Even 20% of insured Americans face burdens of medical debt: 5 key survey findings

More than a quarter of working age Americans, those with and without insurance combined, experience problems paying their medical bills. This has serious repercussions on their daily lives, including postponing care, using up all or most of their savings and curbing spending on food and clothing.

A new poll, conducted by the Kaiser Family Foundation and New York Times, provides a detailed look at the sacrifices both insured and uninsured Americans make to pay their medical bills. Among Americans aged 65 or under who have insurance, 20 percent report problems paying medical bills in the past year. That figure is greater for the uninsured, as expected, with 53 percent experiencing serious financial challenges.

The survey finds that once someone has problems paying a bill, insurance coverage doesn't make a significant difference in the struggles they face. Oftentimes the problematic bills are those that come from care received out of network or unexpected claim denials. Among those facing problems, almost identical shares of the insured (44 percent) and uninsured (45 percent) say the bills had a major impact on their families.

Here are five major takeaways from the survey.

1. Both the insured and uninsured take similar actions when experiencing problems paying bills. These include putting off vacations or other major household purchases (77 percent of insured; 64 percent of uninsured), curbing spending on basic household items (75 percent of insured; 62 percent of uninsured) and using up all or most of their savings (63 percent of insured; 51 percent of uninsured).

2. Skipping or postponing other healthcare in the past year because of the cost was also common. Even for those who have insurance, 62 percent of people having problems with medical bills delayed dental care, 43 percent skipped physician-recommended tests or treatment and 41 percent did not fill a prescription.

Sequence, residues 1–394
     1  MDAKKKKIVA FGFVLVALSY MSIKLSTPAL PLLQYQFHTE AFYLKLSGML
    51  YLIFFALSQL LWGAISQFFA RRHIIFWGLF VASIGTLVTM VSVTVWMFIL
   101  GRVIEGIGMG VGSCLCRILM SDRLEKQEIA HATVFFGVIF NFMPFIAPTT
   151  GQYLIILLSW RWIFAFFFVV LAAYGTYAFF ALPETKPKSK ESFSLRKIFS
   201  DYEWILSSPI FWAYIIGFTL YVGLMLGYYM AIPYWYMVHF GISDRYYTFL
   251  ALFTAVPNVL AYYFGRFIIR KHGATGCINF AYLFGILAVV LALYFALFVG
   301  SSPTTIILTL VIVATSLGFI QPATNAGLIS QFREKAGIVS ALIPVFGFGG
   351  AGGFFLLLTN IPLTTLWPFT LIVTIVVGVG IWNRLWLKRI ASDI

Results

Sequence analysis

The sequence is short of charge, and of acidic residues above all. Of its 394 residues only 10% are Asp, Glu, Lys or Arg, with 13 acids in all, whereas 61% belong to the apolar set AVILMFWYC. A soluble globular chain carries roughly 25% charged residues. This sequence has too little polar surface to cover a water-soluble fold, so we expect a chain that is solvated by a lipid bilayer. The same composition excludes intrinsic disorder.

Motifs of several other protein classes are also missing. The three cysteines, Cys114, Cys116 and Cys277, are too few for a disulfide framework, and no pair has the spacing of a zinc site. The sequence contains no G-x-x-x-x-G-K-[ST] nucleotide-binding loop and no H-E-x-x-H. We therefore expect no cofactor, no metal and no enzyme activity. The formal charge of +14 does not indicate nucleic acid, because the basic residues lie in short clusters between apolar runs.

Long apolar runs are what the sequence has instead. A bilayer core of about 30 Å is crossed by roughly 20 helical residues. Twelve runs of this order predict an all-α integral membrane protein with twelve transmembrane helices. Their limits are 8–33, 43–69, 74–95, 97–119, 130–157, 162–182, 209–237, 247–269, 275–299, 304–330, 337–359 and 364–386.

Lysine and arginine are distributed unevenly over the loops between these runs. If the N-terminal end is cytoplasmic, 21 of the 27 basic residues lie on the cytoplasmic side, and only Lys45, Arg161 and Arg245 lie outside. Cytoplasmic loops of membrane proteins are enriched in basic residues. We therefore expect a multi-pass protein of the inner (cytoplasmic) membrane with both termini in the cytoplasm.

3. Among those with medical bill problems, 31 percent say the total reached at least $5,000, including 13 percent who say the total hit at least $10,000. One in four (24 percent) said their bills totaled less than $1,000.

4. Among the insured with bill problems, 26 percent said they received unexpected claim denials and 32 percent said they received care from an out-of-network provider their insurance wouldn't cover. Of those receiving OON charges, 69 percent were unaware that the provider was not in their plan's network.

5. Difficulty paying medical bills makes people more likely than their peers to negotiate prices or shop around for healthcare. However, 69 percent of those with medical bill problems who shopped around for a lower price said it was difficult to learn how much they would have to pay. Similarly, 67 percent of those who tried to negotiate price with a provider said their efforts were unsuccessful.

Here is a link to the survey, including its methodology. Here is a link to New York Times' coverage of the findings, including quotes and accounts from people experiencing problems paying bills. 

 

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